Here is a link to a youtube video of a ball shot upward from a moving cart.
I came across this quote, and thought it was pretty cool:
… failure is just a successful experiment, where you learned something valuable.
I was just writing up a lesson for my Earth Science students.
- At first I convince them that the Earth is HUGE. We discuss that if the Earth were shrunk to the size of a basketball, it would be incredibly round and smooth. More so than a billiard ball. Mount Everest, the Grand Canyon and the deepest depths of the ocean (which seem immense to us) would not be noticeable.
- Then we make a scale model of the Solar System, with the Sun the size of a basketball. The Earth is as small as the head of a pin, and located over 100 feet from the sun. The Solar System is about 2 miles across. The nearest star is about in Hawaii! Think about how empty space is. Between here and Hawaii, there are only two stars, which you could hold in your hand, and a few tiny, insignificant planets.
- Our galaxy, the Milky Way is made up of hundreds of billions of stars! How big it must be!
Below is a representation of the Milky Way. (We can’t get a picture, since we are inside of it!)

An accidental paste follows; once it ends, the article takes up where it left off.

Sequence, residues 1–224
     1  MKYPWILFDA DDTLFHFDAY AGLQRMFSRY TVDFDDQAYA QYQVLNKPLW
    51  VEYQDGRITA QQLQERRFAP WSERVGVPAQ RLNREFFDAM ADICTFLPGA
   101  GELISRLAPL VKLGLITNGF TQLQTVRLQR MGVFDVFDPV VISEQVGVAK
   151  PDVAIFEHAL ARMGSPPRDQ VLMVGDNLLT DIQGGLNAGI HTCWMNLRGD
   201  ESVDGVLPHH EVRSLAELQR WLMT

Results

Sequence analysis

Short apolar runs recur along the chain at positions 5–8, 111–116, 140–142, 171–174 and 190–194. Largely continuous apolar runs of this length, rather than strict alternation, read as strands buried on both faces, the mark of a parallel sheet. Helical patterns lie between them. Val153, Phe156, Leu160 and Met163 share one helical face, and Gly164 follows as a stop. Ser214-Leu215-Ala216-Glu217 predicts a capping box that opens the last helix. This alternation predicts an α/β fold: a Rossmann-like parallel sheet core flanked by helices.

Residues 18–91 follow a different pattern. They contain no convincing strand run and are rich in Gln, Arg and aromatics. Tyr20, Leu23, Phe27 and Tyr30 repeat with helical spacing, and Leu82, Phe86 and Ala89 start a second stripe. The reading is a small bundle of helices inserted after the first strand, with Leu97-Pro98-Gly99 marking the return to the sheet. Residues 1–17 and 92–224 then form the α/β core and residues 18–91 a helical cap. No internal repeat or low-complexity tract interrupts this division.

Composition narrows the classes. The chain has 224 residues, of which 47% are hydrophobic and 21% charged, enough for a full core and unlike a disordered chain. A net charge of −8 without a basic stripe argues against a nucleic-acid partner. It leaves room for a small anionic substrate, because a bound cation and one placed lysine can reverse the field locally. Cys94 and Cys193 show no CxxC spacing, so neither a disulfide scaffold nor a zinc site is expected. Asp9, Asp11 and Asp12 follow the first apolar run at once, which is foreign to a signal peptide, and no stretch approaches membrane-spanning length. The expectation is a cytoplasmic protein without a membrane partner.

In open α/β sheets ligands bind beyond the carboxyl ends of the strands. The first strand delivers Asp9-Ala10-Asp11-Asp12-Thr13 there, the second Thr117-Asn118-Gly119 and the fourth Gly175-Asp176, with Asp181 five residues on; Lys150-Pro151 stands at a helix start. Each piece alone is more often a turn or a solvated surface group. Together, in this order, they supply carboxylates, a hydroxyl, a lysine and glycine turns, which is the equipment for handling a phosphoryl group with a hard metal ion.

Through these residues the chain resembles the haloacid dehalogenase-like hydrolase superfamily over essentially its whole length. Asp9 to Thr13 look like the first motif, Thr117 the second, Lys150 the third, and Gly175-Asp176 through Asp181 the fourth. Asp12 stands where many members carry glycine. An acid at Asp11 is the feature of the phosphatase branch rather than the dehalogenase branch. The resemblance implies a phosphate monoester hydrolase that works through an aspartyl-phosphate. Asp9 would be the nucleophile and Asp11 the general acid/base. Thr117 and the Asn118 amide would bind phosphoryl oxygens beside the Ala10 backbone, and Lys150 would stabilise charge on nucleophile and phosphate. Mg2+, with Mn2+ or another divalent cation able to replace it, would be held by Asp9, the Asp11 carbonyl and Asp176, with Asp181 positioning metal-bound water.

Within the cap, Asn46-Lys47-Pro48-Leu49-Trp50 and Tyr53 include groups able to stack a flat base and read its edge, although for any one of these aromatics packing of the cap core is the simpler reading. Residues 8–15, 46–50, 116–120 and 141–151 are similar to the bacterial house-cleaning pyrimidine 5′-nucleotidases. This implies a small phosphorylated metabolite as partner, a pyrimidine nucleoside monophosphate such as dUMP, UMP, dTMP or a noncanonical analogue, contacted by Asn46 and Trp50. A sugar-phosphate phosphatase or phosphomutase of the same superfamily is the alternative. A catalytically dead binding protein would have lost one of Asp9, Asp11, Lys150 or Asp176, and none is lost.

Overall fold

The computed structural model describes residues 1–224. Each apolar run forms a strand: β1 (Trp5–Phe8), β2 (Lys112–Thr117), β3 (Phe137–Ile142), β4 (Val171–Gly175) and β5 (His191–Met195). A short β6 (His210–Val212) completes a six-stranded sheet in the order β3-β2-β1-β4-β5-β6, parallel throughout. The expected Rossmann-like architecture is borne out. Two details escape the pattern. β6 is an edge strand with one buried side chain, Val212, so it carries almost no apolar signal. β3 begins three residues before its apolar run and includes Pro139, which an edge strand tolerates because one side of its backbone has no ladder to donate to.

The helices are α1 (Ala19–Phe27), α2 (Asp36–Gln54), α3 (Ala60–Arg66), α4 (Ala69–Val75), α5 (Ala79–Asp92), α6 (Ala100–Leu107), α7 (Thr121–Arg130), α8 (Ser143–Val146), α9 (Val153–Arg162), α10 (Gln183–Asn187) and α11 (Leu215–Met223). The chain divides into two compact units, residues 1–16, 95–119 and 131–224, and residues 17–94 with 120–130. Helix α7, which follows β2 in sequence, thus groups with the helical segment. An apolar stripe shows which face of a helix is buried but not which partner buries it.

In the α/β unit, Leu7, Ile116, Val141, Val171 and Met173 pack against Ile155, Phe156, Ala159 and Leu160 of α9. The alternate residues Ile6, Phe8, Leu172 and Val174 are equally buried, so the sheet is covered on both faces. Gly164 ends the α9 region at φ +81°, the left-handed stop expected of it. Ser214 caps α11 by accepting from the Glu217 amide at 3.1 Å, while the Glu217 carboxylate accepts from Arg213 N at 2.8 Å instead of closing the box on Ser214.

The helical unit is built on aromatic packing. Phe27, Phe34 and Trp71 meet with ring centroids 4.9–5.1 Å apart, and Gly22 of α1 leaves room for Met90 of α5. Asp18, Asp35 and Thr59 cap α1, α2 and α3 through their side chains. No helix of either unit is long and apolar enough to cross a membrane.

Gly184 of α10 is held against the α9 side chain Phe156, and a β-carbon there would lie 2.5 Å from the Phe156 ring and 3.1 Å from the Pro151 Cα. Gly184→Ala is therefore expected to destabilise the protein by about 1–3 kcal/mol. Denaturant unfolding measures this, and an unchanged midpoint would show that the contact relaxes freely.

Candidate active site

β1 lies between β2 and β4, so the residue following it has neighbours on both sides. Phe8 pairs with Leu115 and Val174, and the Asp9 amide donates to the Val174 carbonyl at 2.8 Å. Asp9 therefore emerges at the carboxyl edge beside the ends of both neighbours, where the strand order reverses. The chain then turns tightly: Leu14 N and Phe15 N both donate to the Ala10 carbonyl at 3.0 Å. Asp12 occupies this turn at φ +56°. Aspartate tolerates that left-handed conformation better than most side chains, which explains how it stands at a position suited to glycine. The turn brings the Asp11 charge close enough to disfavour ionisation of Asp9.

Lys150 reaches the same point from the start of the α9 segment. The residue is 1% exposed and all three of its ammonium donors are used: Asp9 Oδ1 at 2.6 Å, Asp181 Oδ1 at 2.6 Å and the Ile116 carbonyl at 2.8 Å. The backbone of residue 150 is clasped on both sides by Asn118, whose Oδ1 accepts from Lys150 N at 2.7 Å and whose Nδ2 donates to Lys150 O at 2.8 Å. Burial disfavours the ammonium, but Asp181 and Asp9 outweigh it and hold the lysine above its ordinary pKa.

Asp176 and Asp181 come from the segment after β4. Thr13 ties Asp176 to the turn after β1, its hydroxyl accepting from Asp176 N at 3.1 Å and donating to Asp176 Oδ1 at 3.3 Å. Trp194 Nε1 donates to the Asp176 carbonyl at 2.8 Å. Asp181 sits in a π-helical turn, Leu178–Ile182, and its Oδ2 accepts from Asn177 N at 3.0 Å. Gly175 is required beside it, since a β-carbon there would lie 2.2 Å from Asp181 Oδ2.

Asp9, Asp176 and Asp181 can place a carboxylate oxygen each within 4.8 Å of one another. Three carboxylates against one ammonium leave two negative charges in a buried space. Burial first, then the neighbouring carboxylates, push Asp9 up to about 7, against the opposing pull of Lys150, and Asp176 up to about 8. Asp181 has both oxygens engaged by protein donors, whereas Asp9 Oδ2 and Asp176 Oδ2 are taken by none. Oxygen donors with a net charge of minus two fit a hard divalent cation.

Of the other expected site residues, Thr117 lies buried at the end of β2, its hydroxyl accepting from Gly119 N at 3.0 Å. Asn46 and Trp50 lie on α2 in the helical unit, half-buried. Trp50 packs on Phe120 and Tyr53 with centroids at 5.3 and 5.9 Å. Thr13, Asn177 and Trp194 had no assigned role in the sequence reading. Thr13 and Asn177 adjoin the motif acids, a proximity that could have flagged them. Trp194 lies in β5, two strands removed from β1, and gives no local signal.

Below is a picture of the Andromeda Galaxy. Pretty beautiful!
- The Universe is made up of hundreds of billions of these HUGE galaxies! Below is a picture of a tiny slice of the sky taken by the Hubble Space Telescope. Imagine all of those galaxies, each containing hundreds of billions of stars. Each star might have planets of its own.
Whenever I teach this lesson, I am awed by how insignificant we are in the Universe!
I found another cool time lapse video. Warning: It is set to some religious music, so if that will turn you off, play it without sound.
The link is here: http://www.youtube.com/watch?v=iHumJm747t0
I found a cool video showing time lapse photography of the apparent paths of the stars over the course of a night. (This is something I teach, when I am teaching Earth Science.) See if you can identify the North Star. Here’s the link:
Note: It is difficult to see the stars on an iPhone, but on an iPad or desktop they are much clearer.)